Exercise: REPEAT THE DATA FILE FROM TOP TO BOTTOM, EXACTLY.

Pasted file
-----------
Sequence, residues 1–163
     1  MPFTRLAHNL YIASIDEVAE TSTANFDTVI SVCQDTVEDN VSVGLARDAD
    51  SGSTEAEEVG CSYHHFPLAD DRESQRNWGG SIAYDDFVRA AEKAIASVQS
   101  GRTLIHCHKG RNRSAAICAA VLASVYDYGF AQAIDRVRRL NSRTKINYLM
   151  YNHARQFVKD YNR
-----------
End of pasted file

Sequence, residues 1–163
     1  MPFTRLAHNL YIASIDEVAE TSTANFDTVI SVCQDTVEDN VSVGLARDAD
    51  SGSTEAEEVG CSYHHFPLAD DRESQRNWGG SIAYDDFVRA AEKAIASVQS
   101  GRTLIHCHKG RNRSAAICAA VLASVYDYGF AQAIDRVRRL NSRTKINYLM
   151  YNHARQFVKD YNR